I indulged my obsession with knowing the extent to which online learning is penetrating post-secondary education with five posts on this topic. In a field undergoing such rapid changes, it is increasingly important to be able to track exactly what is going on. Thus a large part of my professional activity in 2016 has been devoted to establishing, almost from scratch, a national survey of online learning in Canadian post-secondary institutions. I would have written more about this topic, but until the survey has been successfully conducted in 2017, I have preferred to keep a low profile on this issue.

However, during 2016 it did become clear to me, partly as a result of pilot testing of the questionnaire, and partly through visits to universities, that blended learning is not only gaining ground in Canadian post-secondary education at a much faster rate than I had anticipated, but is raising critical questions about what is best done online and what face-to-face, and how to prepare institutions and instructors for what is essentially a revolution in teaching.

This can be best summarized by what I wrote about the Conference Board of Canada’s report:

What is going on is a slowly boiling and considerably variable revolution in higher education that is not easily measured or even captured in individual anecdotes or interviews.

2. Faculty development and training

Getting faculty and instructors into online learning (183 hits)

Initiating instructors to online learning: 10 fundamentals (529 hits)

Online learning for beginners: 10. Ready to go (+ nine other posts on this topic = 4,238 hits)

5 IDEAS for a pedagogy of online learning (708 hits)

This was the area to which I devoted the most space, with ten posts on ‘Online Learning for Beginners’, aimed at instructors resisting or unready for online learning. These ten posts were then edited and published by Contact North as the 10 Fundamentals of Teaching Online.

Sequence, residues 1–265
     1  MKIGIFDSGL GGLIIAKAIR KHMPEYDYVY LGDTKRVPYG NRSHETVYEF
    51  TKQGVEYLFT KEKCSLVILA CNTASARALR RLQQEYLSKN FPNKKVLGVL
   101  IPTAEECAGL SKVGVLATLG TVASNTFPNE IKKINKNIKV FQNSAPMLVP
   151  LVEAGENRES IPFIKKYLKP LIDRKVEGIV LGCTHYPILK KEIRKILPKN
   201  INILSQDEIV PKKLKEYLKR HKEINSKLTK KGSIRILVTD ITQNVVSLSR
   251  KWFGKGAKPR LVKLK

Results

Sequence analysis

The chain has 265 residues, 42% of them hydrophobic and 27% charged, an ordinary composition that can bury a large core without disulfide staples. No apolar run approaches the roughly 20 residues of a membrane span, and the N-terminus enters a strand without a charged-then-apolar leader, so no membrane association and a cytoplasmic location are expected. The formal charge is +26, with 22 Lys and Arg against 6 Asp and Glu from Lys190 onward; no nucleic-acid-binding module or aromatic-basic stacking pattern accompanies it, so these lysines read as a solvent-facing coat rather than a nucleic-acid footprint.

Two fundamental conclusions: we need not only better organizational strategies to ensure that faculty have the knowledge and training they will need for effective teaching and learning in a digital age, but we also need to develop new teaching strategies and approaches that can exploit the benefits and even more importantly avoid the pitfalls of blended learning and learning technologies. I have been trying to make a contribution in this area, but much more needs to be done.

3. Learning environments

Building an effective learning environment (6,173 hits)

EDEN 2016: Re-imagining Learning Environments (597 hits)

Culture and effective online learning environments (1,260 hits)

Closely linked to developing appropriate pedagogies for a digital age is the concept of designing appropriate learning environments, based on learners’ construction of knowledge and the role of instructors in guiding and fostering knowledge management, independent learning and other 21st century skills.

This approach I argued is a better ‘fit’ for learners in a digital age than thinking in terms of blended, hybrid or fully online learning, and recognizes that not only can technology to be used to design very different kinds of learning environments from school or campus based learning environments, but also that technology is just one component of a much richer learning context.
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4. Experiential learning online

A full day of experiential learning in action (188 hits)

An example of online experiential learning: Ryerson University’s Law Practice Program (383 hits)

Is networked learning experiential learning? (163 hits)

These three posts explored a number of ways in which experiential learning is being done online, as this is a key methodology for developing skills in particular.

5. Open education

Acorns to oaks? British Columbia continues its progress with OERs (185 hits)

Talking numbers about open publishing and online learning (113 hits)

Towards an open pedagogy for online learning (385 hits)

These posts also tracked the development of open publishing and open educational resources, particularly in British Columbia, leading me to conclude that the OER ‘movement’ has far too narrow a concept of open-ness and that in its place we need an open pedagogy into which open educational resources are again just one component, and perhaps not the most significant.

6. Technology applications in online learning

An excellent guide to multimedia course design (659 hits)

Is video a threat to learning management systems? (603 hits)

Some comments on synchronous online learning technologies (231 hits)